The goal of writing this article was to inform inside–outside collaborators of some of the challenges to expect. As it happens, in the process of bringing this piece of writing to Inquest, we faced many of the trials and tribulations that Ivan has discussed above—and yet others I will elaborate below. So the essay’s production itself was a process of active, ongoing learning for our team, as well. In what follows, I focus in particular on the limitations placed on prison telecommunications and how those impact the coworking of inside and outside organizers.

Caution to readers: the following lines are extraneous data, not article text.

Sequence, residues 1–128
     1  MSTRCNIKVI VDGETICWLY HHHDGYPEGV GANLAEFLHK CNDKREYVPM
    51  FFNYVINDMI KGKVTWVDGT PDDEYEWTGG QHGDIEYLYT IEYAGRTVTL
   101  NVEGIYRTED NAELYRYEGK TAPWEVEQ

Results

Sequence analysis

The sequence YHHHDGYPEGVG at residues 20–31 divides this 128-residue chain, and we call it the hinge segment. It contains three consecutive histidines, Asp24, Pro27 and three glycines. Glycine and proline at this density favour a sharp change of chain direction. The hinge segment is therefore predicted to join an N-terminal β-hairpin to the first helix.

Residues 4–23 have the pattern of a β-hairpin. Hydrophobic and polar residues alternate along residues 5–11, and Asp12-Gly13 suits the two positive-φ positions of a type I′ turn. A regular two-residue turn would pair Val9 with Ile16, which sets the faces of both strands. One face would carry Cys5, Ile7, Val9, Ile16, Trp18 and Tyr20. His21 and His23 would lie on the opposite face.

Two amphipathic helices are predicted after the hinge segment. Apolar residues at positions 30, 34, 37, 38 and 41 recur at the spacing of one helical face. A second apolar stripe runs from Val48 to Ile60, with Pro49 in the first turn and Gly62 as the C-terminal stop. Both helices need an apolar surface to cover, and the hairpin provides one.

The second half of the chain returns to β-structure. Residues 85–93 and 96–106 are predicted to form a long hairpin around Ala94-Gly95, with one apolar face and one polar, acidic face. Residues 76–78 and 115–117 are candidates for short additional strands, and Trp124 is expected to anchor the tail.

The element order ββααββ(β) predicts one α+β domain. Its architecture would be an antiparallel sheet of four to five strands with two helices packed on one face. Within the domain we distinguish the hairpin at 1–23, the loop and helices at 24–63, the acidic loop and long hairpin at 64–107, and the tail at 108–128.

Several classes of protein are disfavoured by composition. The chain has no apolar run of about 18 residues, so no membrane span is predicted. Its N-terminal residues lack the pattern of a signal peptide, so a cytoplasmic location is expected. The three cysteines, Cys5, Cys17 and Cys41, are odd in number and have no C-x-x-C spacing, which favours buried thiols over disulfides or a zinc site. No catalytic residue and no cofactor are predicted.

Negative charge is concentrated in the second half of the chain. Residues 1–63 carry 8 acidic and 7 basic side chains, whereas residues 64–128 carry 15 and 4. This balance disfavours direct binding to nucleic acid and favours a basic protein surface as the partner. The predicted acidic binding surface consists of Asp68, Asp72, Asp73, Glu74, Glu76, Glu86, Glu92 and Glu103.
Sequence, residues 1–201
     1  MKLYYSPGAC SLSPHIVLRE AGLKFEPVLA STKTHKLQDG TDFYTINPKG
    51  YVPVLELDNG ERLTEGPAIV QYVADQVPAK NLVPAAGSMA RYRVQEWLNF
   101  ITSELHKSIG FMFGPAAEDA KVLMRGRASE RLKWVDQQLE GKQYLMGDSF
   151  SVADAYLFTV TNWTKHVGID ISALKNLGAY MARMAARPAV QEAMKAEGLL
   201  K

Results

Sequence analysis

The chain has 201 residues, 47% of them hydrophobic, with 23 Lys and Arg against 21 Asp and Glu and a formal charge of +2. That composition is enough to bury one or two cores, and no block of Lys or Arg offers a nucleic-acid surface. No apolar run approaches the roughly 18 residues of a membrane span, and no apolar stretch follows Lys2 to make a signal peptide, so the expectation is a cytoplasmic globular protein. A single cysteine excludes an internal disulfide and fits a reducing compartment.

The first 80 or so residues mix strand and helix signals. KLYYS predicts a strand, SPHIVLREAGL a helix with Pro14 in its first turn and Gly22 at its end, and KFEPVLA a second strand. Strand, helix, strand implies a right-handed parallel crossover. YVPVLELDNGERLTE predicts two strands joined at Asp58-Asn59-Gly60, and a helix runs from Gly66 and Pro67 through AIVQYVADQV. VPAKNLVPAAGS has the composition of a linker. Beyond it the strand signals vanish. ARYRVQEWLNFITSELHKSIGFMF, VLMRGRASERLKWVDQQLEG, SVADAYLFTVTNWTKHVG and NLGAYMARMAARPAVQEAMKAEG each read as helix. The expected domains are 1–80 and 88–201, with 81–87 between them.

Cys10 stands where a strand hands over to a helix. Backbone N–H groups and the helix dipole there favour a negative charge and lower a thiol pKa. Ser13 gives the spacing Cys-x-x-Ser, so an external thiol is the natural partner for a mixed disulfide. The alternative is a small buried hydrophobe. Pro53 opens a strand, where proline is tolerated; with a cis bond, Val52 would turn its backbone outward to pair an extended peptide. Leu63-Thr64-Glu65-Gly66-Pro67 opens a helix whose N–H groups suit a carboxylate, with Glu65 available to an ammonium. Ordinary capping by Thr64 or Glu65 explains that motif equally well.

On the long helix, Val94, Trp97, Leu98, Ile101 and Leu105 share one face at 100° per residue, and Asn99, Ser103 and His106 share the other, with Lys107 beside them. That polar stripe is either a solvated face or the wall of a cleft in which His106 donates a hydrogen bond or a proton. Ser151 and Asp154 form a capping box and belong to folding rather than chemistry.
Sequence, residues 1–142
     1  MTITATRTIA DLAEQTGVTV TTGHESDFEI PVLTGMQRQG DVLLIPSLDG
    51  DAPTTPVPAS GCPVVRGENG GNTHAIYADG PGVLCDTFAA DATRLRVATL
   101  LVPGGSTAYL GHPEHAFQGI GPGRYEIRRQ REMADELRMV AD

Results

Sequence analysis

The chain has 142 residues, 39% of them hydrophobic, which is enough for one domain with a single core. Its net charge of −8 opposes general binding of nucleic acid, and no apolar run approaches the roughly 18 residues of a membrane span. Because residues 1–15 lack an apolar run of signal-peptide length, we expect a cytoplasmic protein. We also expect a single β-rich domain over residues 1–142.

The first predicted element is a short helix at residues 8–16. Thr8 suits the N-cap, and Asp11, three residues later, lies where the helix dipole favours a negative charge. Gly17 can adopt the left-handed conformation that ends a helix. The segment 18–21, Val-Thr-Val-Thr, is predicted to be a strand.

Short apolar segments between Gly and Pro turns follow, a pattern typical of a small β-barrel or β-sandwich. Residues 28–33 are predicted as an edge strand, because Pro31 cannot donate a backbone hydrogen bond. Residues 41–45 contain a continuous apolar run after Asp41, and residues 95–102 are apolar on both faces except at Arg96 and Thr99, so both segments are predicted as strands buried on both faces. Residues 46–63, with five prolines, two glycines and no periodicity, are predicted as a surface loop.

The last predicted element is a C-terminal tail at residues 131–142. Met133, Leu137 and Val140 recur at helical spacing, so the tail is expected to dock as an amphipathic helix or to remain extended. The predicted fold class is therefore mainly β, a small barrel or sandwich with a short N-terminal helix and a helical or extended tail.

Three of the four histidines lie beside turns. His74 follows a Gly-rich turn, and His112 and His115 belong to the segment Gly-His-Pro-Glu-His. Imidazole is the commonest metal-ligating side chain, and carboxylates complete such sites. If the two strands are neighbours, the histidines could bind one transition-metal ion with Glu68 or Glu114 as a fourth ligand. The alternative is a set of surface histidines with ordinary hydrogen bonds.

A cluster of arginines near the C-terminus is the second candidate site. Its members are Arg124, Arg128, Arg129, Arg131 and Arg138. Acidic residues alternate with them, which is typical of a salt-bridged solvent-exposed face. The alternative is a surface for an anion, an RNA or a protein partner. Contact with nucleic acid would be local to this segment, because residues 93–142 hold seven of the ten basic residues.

The idea for the piece began when Ivan and I attended a conference at Stony Brook University—me on Zoom on my computer, and then Ivan daisy-chained in via my phone. The conference was meant to showcase a grant-backed project that aggregated essays, poems, and manuscripts from incarcerated writers. Ivan, who had served as the conduit between the writers and the university, was invited to speak about his work. We agreed that this invitation was a step in the right direction, allowing an incarcerated voice to be heard at an academic conference rather than spoken for. But introductions went long and the time slot for Ivan to speak kept getting pushed back. It was apparent that the moderators were not in tune with the fact that phone calls from California prisons have a fifteen-minute limit. This meant that every fifteen minutes, Ivan kept having to call me back and be patched in again. It was a precarious setup to begin with: Global Tel Link (GTL), which operates all communications in California state prisons, does not like three-way calls and usually disconnects if it detects that one is being attempted. So Ivan was calling back every fifteen minutes for an hour and a half, awaiting his time to speak, and each time he called back increased the likelihood that, sooner or later, GTL would terminate the call. In the midst of all of this, it dawned on me that even those non-incarcerated people who are most involved in prison abolition or prison reform work often lack basic information about how to engage with those they’re trying to help.